The new-look Hawke's Bay Regional Council plans to consult the public ahead of developing a policy on oil and gas exploration in the region.
The council held its first ordinary meeting yesterday since last month's local body elections, when six new councillors were elected to the nine-member authority.
Yesterday, councillors endorsed an earlier staff recommendation that they ask the Government to exclude the Ruataniwha Plains water aquifer system from a large area in Central Hawke's Bay that Energy Minister Simon Bridges has proposed opening up for oil and gas exploration.
While it does not have an overall policy on oil and gas exploration, the council believes the importance of the aquifer as a water source should exclude it from exploration activity.
New councillor Rick Barker said there was public interest in related issues, such as hydraulic fracturing (fracking) and a widely-held belief that authorities were not engaging with the community on the subject.
Councillors asked staff to report back on a process for carrying out consultation and developing a policy.
Returning councillors Alan Dick and Christine Scott were re-appointed as chairs of the Regional Transport and Hearings Committees respectively.
New councillors Rex Graham and Debbie Hewitt were appointed to chair the Environment and Services, and Corporate and Strategic Committees.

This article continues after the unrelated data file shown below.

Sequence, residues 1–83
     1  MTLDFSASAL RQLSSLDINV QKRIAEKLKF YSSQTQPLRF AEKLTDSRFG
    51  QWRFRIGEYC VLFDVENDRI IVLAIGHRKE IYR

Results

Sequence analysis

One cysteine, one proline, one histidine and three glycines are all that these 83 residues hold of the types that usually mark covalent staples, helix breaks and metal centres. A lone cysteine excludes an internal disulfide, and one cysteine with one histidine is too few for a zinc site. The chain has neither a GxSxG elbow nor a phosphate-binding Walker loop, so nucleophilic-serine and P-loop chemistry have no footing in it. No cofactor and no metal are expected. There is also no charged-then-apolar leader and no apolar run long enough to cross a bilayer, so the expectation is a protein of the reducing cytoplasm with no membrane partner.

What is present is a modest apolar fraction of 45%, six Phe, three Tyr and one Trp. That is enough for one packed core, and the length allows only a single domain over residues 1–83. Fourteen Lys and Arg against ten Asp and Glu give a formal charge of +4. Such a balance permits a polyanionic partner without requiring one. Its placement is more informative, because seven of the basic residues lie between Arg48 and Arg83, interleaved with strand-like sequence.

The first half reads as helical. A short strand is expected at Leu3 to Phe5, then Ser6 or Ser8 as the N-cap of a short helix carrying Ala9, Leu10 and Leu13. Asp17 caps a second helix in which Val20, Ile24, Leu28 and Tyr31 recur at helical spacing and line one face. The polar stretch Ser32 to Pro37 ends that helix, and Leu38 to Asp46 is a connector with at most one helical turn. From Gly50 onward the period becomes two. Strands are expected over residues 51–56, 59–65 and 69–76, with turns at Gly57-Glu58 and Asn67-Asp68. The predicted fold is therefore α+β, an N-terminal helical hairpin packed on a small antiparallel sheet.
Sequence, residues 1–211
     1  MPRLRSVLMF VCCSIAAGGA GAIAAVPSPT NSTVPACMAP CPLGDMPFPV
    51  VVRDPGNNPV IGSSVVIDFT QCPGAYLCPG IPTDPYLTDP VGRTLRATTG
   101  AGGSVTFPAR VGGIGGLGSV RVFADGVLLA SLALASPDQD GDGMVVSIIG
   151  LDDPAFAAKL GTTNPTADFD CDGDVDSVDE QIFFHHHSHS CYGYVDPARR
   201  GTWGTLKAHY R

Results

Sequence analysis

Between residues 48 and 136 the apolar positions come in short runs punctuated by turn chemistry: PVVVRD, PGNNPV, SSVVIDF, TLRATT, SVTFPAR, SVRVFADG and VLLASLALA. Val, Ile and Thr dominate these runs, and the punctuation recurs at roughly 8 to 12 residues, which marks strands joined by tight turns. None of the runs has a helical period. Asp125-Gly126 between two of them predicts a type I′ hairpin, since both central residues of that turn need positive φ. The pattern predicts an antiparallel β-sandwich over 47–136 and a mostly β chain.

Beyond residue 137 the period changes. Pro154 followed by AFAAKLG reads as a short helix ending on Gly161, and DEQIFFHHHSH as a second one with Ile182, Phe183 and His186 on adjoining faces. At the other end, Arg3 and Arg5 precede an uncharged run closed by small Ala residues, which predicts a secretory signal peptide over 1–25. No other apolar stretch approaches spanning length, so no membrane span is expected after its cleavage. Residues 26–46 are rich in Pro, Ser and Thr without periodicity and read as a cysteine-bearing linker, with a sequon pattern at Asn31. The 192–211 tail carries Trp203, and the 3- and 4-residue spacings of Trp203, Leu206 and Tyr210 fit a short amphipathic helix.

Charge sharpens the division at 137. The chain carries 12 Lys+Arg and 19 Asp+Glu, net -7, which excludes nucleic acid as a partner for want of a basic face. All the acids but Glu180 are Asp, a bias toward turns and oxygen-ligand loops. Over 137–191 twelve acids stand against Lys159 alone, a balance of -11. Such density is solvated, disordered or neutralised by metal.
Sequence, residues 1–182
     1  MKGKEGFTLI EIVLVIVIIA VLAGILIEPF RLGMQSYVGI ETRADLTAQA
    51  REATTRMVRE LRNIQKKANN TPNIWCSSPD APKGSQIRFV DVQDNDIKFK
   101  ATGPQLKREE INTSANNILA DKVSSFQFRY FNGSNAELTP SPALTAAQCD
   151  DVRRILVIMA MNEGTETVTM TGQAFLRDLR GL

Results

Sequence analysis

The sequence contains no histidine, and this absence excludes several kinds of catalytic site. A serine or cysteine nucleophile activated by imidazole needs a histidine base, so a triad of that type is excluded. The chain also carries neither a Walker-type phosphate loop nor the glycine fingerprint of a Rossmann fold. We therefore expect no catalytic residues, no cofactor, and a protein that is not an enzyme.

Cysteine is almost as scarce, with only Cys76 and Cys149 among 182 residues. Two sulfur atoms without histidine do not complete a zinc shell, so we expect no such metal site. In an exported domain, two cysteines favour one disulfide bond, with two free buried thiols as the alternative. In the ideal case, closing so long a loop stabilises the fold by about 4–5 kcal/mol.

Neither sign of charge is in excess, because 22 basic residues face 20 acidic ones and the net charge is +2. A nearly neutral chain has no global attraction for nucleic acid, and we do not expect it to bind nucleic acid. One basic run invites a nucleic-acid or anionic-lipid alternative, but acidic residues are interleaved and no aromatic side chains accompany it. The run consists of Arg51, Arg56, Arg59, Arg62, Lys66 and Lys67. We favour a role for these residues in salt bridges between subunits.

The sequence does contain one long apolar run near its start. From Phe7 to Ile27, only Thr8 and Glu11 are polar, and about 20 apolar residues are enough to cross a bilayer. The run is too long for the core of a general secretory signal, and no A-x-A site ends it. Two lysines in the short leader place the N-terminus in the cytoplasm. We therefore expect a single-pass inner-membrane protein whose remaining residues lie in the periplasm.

A group of four new councillors, all elected after their endorsement by the Grower Action Group (GAG), failed in a bid to change the rules on how a tied council vote is handled.
The bid to change the council's standing orders - the rules under which council meetings are run - would have removed the option for the chairman, Fenton Wilson, to exercise a second casting vote in the event that an absence meant votes on an issue were tied.
Mr Barker said there was "one huge decision this council is going to need to make" - whether to approve the planned $265 million Ruataniwha dam proposed for Central Hawke's Bay. The GAG lobby group advocated for changes to the council's water management policies during the elections and has been a strong voice of concern about the planned dam.
Mr Barker said it was "unconscionable" that if a councillor was not at the relevant meeting "one person has two votes on the dam", he said.
Mr Wilson said that scenario was very unlikely because "short of death-bed, I suspect there will be nine people around the table" when the Ruataniwha decision was taken.